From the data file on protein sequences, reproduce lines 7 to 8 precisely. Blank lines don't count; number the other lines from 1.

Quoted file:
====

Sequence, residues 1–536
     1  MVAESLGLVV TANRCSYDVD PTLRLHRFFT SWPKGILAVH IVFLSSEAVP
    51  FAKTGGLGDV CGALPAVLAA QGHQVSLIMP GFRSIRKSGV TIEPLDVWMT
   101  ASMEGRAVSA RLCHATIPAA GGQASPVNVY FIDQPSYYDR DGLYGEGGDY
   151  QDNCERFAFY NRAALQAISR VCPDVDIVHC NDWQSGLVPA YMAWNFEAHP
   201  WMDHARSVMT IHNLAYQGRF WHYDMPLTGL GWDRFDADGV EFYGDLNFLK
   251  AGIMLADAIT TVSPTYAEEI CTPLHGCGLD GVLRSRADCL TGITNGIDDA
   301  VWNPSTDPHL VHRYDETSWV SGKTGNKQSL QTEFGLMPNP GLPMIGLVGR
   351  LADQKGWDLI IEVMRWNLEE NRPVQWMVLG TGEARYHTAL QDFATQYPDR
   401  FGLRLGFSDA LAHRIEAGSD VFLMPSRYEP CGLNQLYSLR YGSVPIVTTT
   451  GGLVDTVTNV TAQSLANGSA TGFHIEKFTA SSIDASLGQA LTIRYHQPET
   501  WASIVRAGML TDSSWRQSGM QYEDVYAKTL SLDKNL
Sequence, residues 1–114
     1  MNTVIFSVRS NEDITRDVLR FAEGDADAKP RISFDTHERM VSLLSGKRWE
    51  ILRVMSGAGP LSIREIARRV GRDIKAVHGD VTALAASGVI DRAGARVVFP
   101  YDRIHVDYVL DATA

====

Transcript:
   251  AGIMLADAIT TVSPTYAEEI CTPLHGCGLD GVLRSRADCL TGITNGIDDA
   301  VWNPSTDPHL VHRYDETSWV SGKTGNKQSL QTEFGLMPNP GLPMIGLVGR